This week I continue my three-part series on Publishing Industry Basics. Last week I discussed Three Tiers Of Publishers (Big 5/6, Indie/Small Press, and Self Publishing). Before I talk about the basics of when and how to submit material to agents and editors, I thought it might be useful to understand the roles those individuals play in the publishing industry. I’m also going to discuss PR companies, which have a complementary, but different role for an author.
Please keep in mind these are general descriptions from my own experience and research in the publishing industry.
Agents play an integral role in the publishing industry. They are the primary means for an author to be published with a Big 5 (or 6!) publisher. (Click here to read my post on publisher basics). Many of the larger Independent Publishers also require agent submissions.
Self-publishing does not require an agent. In fact, agents do not typically work with self-published authors in the self-publishing process. Although they will assist a self-published author to move into traditional publishing with new, unpublished work.
Agents are the individuals who take on an author’s manuscript, recommend rewrites as necessary to help the author move forward with the most polished manuscript possible, and pitch those manuscripts directly to a publisher on behalf of the author. They also continue to work with the author on future projects and support ongoing publications through a variety of tasks such as tracking royalties, sub-rights sales, translations, and movie and tv deals.
Some common questions I hear about Agents.
Q: Can I hire an agent?
A: No. Agents typically use a submission process similar to publishing companies and only work with authors whose work fits the genre(s) they represent. The voice, style, and quality must also meet their individual requirements. Keep in mind that agents are pitched hundreds, if not thousands, of submissions every year and only take on a handful of clients. Agents are the biggest supporters of a manuscript, so they want to love the work they represent. I will discuss the query process in greater detail next week.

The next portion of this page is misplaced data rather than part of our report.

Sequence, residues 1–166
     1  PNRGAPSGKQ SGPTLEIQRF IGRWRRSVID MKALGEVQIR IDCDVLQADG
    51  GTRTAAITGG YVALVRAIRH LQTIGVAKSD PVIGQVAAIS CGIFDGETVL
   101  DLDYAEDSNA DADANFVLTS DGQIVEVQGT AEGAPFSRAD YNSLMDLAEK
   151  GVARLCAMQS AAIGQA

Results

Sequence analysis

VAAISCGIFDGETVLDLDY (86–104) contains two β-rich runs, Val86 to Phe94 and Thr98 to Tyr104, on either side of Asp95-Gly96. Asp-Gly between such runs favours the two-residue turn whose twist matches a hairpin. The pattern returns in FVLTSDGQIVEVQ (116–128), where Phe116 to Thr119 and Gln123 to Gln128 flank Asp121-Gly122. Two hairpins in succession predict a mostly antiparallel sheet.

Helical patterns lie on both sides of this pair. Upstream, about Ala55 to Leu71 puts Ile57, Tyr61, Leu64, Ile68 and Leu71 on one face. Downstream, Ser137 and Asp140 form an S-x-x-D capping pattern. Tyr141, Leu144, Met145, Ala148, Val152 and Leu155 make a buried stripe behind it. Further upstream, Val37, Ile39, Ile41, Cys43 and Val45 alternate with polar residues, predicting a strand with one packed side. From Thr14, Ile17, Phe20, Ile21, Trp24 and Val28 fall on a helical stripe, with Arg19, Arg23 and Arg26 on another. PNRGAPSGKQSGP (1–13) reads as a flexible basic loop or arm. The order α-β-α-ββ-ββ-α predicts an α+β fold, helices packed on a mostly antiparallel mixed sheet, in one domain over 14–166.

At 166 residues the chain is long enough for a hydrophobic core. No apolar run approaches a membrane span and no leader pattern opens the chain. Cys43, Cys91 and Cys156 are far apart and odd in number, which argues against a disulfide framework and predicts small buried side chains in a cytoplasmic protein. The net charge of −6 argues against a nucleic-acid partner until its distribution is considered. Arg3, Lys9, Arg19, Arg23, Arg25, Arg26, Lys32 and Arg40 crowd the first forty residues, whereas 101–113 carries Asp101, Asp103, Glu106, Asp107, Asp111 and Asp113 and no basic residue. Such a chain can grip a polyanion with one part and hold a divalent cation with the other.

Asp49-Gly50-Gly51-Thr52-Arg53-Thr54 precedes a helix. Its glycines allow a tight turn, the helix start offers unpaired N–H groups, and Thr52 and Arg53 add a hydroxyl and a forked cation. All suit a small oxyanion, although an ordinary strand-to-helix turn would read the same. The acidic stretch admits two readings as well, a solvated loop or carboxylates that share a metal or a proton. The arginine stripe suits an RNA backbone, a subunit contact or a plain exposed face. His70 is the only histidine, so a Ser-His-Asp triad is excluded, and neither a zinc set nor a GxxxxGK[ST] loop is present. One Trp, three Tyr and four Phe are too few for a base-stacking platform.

Q: How much does an author pay an agent?
A: Agents are paid a percentage of sales. Industry standard is 10-15% domestic sales and 20% foreign. Authors should NEVER pay a reading fee or upfront costs to an agent for editing or submissions. This is a big red flag that the agent is not a legitimate agent.
Agents work harder for an author than anyone else in the industry.
Q: Why should I pay someone to do work I can do myself?
A: This is an important question. The simple answer is, the agent does work authors cannot do themselves. Authors can’t submit to a Big 5 publisher (and many small presses). Further, agents have relationships with editors within multiple publishing imprints for the genre they represent. They have insider knowledge of where an author’s style and voice will fit. Once a publisher offers a deal, agents also understand contracts and negotiations and will fight for the best deal for their authors. Authors who want to publish traditionally (both big and small presses) require an agent. The amount of sales an author can receive through an agented manuscript far exceeds any percentage the agent earns. Agents work harder for an author than anyone else in the industry.
Q: How do I find the right agent for me?
A: Research! There are several publications that list agents, such as Writer’s Market and Guide to Literary Agents. These publications list agents, what genre(s) they represent, and how to query them. Always check an agent’s website for any updates in policy before you submit. Follow guidelines EXACTLY. Do not include any material that isn’t requested.
Another way to find agents is to attend writers conferences where agents are presenting, critiquing, and answering questions. This can also be an opportunity to meet an agent in person and have them request pages through a pitch. I’ll cover more of this next week when I discuss the query process.
Lastly, read the acknowledgement section or do an internet search on your favorite authors and find out who represents them. If your work is similar in genre/style to a published author, there is a strong chance that agent will be a good fit for you.
Final word on Literary Agents: Probably the most important relationship an author can build. This can be a lifelong partnership through multiple books and multiple publishers. Do not take this relationship lightly. Make sure it feels like a good fit for you, vet the agent by researching what authors they represent and where they have placed books, confirm they do not require any upfront fees. Trust your gut instincts, but do your research.